In one embodiment, the switch 208 sends a signal to the sequence control 340. The sequence control 340 may be programmed to send a series of different data sequences to each memory location within the non-volatile memory circuit 114. Consequently, the sequence control 340 may initiate the logical pattern component 342 which sends a pre-programmed combination of ones and zeros to the multiplexer 348 which in turn communicates the pattern to each memory location in the non-volatile memory circuit 114. Additionally, the sequence control 340 may similarly signal the zeros component 344 and one component 346 to respectively send a series of all zeros and ones to the memory locations.

Preferably, the sequence control 340 ensures that each memory location of the non-volatile memory circuit 114 is overwritten at least once such that all data on the non-volatile memory circuit 114 is completely destroyed. The multiplexer 348 ensures that each memory location is overwritten. In this manner, complete logical destruction of each data value previously stored is accomplished.

FIG. 4 illustrates in further detail one embodiment of a non-volatile memory device 410 comprising an electrical erase circuit 210 for non-destructively erasing a non-volatile memory circuit 114. The non-volatile memory device 410 comprises a PCB 112, a non-volatile memory circuit 114, a computer interface 120, and a housing 118. The non-volatile memory device 410 further includes a power source 206, a switch 208, an electrical erase circuit 210, and a variety of electrical signals 422, 424, 426. In certain embodiments, the electrical erase circuit 210 applies an electrical signal to the non-volatile memory circuit 114 over a plurality of data lines including a reset line 422, and a data line 426. The clock line 424 ensures synchronized operation. In one embodiment of the invention, the electrical erase circuit 210 erases the data in the non-volatile memory circuit 114 by applying an appropriate voltage to the reset line 322 of the non-volatile memory circuit 114 to cause the memory to be cleared. The voltage strength is configured to perform the reset without damaging the non-volatile memory circuit 114.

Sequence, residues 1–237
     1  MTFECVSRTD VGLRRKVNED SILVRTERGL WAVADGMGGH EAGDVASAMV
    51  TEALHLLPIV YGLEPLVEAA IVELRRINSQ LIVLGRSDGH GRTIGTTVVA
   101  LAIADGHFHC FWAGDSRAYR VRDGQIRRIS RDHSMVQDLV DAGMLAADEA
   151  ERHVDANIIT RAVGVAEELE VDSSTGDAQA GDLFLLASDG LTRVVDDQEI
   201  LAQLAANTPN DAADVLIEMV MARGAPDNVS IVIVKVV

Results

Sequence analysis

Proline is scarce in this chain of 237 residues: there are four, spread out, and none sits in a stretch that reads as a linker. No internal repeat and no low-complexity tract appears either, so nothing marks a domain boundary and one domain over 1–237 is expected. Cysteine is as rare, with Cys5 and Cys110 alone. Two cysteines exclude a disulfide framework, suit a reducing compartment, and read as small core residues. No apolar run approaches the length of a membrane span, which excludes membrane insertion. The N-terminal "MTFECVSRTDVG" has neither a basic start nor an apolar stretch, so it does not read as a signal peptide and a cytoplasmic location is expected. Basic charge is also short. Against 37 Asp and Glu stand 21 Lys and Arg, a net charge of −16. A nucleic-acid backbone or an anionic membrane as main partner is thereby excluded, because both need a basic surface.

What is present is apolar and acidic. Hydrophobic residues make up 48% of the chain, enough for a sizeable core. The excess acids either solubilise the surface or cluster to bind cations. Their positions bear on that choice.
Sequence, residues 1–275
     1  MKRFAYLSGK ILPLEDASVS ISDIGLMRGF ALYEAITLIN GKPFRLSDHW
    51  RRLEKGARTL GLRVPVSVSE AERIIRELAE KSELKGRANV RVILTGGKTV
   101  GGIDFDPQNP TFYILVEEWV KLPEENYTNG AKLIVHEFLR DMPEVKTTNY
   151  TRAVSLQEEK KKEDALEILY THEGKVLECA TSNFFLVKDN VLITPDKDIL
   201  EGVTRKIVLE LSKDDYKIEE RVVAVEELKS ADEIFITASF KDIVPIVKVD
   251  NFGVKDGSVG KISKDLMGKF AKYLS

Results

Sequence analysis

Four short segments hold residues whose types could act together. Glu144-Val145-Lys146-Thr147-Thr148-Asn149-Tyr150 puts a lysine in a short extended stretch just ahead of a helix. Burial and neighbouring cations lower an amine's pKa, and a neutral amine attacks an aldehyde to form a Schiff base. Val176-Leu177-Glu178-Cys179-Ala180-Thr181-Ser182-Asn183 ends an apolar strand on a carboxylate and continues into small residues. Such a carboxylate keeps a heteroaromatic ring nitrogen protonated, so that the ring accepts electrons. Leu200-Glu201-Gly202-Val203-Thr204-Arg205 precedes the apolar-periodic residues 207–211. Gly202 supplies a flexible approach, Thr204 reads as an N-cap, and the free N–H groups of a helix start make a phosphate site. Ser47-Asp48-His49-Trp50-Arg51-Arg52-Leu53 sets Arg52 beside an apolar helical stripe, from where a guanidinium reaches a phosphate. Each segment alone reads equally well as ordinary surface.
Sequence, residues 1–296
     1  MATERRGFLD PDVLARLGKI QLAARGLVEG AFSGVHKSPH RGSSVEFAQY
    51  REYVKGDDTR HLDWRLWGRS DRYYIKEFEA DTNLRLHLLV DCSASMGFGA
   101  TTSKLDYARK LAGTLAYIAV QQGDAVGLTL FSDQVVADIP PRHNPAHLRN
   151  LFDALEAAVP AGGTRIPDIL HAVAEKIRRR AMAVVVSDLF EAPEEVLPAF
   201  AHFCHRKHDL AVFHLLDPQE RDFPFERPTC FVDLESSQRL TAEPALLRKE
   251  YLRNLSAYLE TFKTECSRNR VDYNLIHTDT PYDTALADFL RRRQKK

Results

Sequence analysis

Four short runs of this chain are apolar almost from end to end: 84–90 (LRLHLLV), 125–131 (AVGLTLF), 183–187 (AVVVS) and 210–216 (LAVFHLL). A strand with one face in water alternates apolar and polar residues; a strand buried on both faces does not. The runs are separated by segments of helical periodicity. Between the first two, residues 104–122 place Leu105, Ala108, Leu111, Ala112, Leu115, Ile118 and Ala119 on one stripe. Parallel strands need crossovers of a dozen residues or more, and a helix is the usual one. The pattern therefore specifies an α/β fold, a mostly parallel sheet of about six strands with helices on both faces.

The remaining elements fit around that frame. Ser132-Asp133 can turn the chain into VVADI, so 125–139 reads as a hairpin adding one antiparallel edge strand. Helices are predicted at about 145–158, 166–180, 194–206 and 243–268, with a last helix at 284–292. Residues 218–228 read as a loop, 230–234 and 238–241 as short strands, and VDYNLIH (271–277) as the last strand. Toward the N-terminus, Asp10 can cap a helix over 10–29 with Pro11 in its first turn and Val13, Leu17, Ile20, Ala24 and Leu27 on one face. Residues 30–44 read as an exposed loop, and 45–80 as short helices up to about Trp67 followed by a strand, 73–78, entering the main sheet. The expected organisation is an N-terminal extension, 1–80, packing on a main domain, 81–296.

The operation and interaction of these elements are similar to the interactions of the corresponding elements described above with respect to FIG. 3. Namely, if necessary, a user deliberately activates the switch 208. Power is then supplied by the power source 206 to the electrical erase circuit 210. In one embodiment, the electrical erase circuit 210 may simply raise the reset line 422 high. Within the non-volatile memory circuit 114, raising the reset line 422 high may cause a one value to be written to each memory location to erase the memory. Alternatively, as discussed above, more complicated erase data patterns may be written to the non-volatile memory circuit 114.

FIG. 5 illustrates one embodiment of a non-volatile memory device 510 with a scored PCB 112, non-volatile memory circuit 114, and housing 118. The scoring facilitates destroying the non-volatile memory device 510. The non-volatile memory device 510 also enables the user to deliberately prevent unauthorized access to data stored in the non-volatile memory device 510 by non-destructively erasing the non-volatile memory circuit 114 as desired.

In one embodiment, an electrical erase circuit 210 is disposed on the PCB 112 and is electrically connected to the non-volatile memory circuit 114. A battery 206 that provides power to the electrical erase circuit 210 through electrical switch 208 may also be disposed on the PCB 112. The electrical switch 208 may be formed as a button extending through the housing 118 as shown.

In a further embodiment of the switch 208, a cover 532 may extend over the exposed portion of the switch 208 to prevent unintentional activation of the switch 208. The cover 532 must be removed before the switch 208 may be activated. The cover 532 may include a hinge 534 to facilitate exposing the switch 208. In an alternative embodiment (not shown), the electrical switch 208 may rest just under the housing 118 in such a way that squeezing the housing 118 will activate the switch 208. In a further alternative embodiment (not shown) the cover 532 may comprise a removable shield or tab that may be permanently broken off or removed to attain access to the switch 208. The operation of the switch 208, the electrical erase circuit 210, and the battery 206 to erase the data in the non-volatile memory circuit 114 is similar to that described above with respect to FIGS. 2, 3, and 4.

FIG. 5 further illustrates a non-volatile memory circuit 114 shown as a single computer chip disposed on the PCB 112 and logically connected to the computer interface 120. In one embodiment, the non-volatile memory circuit 114 is manufactured with a first scoring 552. The first scoring 552 is configured such that the non-volatile memory circuit 114 will break along the scoring 552 in response to the application of an external force. Physically breaking the memory circuit 114 severely inhibits retrieval of data from the memory circuit 114, ensuring protection of any data stored in the memory circuit 114.